Photo: Wikimedia Commons
It happens every year: A manager picks a bunch of his own players to the All-Star team, opposing teams pout, and fans get utterly confused when they introduce someone called “Ryan Vogelsong” before the game.Then the game starts, and it’s more or less of a glorified scrimmage, and we end up wondering why we care.
Not only did Giants manager Bruce Bochy continue that trend this year by selecting three San Francisco starting pitchers to the team, he exhibited the meaninglessness of the All-Star Game by pitching the three a combined total of zero innings last night.
The Giants starters didn’t throw a single pitch, because the so-called “honour” of playing in the game is apparently not worth the injury risk.
Matt Cain pitched Sunday, and was thus ineligible. But Bochy chose to keep Tim Lincecum and Ryan Vogelsong out of the game.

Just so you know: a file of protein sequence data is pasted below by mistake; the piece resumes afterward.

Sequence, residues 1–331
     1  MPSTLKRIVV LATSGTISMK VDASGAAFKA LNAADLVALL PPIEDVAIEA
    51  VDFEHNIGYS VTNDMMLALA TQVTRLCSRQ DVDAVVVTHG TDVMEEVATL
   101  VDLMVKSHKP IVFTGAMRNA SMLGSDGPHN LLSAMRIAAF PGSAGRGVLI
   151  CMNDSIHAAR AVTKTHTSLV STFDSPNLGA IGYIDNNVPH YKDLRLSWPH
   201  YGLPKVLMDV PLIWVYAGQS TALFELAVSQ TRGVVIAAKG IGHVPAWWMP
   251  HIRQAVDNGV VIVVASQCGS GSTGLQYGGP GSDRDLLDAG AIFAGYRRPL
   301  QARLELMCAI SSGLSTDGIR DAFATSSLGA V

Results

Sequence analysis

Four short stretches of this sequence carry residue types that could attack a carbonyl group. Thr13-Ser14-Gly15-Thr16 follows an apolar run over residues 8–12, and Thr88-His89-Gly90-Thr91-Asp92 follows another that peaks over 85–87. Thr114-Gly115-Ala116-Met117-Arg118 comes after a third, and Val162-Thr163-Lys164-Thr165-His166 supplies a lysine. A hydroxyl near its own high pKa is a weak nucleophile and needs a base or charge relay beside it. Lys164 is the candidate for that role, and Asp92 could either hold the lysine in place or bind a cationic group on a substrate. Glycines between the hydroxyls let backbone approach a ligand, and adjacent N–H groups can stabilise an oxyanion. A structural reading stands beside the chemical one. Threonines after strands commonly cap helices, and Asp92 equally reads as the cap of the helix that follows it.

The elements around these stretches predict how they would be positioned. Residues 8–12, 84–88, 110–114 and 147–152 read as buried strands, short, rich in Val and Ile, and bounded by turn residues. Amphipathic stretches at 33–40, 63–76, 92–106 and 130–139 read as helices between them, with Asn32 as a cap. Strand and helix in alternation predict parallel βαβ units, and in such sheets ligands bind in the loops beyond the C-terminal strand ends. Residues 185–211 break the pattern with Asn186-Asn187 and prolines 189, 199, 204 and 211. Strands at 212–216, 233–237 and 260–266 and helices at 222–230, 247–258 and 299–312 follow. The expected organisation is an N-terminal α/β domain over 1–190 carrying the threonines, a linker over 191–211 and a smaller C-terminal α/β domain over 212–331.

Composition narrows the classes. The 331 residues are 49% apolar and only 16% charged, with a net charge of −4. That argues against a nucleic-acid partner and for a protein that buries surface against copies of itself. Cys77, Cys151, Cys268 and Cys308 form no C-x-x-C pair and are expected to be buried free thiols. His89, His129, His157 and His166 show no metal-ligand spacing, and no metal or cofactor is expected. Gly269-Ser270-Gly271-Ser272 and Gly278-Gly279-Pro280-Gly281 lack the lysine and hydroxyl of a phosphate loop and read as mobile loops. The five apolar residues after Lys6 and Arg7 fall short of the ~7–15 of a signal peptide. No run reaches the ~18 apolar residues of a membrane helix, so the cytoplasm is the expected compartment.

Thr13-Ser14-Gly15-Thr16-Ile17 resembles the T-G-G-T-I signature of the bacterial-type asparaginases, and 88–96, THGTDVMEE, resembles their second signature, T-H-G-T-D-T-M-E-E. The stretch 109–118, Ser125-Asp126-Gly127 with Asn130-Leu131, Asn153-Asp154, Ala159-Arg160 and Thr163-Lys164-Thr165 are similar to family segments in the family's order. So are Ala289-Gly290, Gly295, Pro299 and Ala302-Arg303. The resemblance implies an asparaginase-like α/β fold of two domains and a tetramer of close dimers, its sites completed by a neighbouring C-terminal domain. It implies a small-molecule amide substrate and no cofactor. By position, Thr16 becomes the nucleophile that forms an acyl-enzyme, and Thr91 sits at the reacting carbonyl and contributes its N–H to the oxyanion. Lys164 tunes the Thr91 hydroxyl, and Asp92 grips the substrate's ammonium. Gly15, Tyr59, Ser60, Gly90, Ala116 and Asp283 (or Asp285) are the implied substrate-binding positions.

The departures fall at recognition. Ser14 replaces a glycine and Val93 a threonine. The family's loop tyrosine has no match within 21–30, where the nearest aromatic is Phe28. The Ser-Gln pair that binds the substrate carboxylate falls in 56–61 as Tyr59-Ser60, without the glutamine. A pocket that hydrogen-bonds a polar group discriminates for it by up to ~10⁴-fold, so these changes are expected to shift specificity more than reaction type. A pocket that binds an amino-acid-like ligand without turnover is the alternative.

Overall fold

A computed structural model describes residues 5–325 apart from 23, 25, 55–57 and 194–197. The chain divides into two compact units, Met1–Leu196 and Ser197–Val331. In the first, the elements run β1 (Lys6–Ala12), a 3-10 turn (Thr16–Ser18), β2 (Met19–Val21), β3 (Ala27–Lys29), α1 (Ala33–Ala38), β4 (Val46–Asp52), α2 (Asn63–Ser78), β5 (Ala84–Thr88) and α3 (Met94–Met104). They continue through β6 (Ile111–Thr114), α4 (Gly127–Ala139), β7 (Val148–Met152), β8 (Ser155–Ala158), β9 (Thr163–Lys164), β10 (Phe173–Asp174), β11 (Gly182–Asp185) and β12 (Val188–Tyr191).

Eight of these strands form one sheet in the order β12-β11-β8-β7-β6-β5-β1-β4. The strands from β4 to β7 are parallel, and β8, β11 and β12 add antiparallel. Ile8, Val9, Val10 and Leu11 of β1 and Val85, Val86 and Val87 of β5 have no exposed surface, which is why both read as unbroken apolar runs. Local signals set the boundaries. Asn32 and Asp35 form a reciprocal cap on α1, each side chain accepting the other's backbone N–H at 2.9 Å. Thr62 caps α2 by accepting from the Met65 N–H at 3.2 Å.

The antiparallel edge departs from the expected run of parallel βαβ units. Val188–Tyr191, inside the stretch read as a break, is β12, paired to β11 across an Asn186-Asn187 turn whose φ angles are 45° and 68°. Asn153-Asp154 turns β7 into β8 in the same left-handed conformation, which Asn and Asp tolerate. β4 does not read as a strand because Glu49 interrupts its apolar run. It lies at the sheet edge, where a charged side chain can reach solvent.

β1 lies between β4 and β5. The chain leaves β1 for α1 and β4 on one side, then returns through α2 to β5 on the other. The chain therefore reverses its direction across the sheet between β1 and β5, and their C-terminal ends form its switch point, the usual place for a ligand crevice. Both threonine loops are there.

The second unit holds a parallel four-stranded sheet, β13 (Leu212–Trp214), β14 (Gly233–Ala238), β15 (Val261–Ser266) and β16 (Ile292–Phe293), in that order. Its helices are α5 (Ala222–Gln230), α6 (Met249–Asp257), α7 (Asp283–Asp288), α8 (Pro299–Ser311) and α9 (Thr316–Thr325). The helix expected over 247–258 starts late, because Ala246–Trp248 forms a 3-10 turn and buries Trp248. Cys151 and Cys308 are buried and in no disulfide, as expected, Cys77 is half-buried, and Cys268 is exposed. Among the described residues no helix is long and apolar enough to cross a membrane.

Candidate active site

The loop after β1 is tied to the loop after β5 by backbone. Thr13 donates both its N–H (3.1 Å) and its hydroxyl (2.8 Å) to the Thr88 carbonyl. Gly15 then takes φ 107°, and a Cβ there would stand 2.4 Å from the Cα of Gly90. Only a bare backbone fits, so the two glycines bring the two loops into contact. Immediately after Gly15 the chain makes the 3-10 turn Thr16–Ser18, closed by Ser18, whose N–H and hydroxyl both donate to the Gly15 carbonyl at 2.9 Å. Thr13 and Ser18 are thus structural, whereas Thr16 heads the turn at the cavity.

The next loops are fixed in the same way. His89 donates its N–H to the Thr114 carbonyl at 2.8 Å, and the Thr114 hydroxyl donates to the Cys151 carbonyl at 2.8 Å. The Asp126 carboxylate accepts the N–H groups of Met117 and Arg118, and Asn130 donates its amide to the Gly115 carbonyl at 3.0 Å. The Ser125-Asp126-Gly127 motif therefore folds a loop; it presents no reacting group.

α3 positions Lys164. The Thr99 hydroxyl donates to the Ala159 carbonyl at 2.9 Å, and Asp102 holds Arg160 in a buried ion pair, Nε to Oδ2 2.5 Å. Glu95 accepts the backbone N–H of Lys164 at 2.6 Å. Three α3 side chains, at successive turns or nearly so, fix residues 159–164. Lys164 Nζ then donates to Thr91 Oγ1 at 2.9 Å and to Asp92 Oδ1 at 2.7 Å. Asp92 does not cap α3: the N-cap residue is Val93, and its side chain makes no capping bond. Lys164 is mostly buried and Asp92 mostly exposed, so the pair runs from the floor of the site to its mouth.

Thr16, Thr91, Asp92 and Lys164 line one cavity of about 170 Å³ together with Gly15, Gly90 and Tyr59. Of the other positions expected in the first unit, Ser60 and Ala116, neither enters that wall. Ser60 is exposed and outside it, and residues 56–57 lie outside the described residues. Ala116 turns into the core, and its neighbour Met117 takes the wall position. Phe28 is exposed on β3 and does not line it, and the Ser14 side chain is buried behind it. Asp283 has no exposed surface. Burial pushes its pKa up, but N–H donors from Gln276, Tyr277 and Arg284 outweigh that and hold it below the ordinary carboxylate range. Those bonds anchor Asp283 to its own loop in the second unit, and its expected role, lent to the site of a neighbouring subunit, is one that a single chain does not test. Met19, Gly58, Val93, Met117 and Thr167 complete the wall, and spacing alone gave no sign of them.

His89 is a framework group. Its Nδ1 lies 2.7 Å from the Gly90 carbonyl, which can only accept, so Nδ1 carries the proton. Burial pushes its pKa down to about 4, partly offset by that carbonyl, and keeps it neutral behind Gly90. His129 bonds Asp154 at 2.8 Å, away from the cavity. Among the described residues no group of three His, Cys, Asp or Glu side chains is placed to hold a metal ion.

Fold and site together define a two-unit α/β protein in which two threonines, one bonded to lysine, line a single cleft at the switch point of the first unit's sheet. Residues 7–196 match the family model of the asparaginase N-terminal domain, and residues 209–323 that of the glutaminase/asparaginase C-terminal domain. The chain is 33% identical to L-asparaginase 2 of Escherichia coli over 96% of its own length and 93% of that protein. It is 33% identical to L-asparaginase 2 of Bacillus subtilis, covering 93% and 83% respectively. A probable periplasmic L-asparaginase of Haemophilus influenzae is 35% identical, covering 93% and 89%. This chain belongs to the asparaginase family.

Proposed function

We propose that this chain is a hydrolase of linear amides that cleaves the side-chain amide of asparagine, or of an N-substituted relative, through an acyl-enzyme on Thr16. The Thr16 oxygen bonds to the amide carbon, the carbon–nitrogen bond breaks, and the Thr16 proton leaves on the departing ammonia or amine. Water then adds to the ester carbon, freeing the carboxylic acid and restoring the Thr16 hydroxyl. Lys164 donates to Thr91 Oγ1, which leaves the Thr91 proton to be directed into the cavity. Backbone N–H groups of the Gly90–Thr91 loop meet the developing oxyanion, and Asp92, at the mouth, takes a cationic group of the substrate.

Since Derek Jeter chose to skip the All-Star Game, we’ve been hearing about how playing in the game is such a great privilege. But how great can it be if a player’s own manager would rather leave him on the bench than have them face a few batters?
The problem is that being an “All-Star” no longer has anything to do with the game itself. Being on an MLB All-Star team is closer to what being on an All-NBA Team is: An immaterial distinction without the caveat of being on an actual team in an actual game.
The game has become a pointless farce, and Bochy simply recognised that. He gave his players the real honour while sparing them the trouble having to break a sweat.
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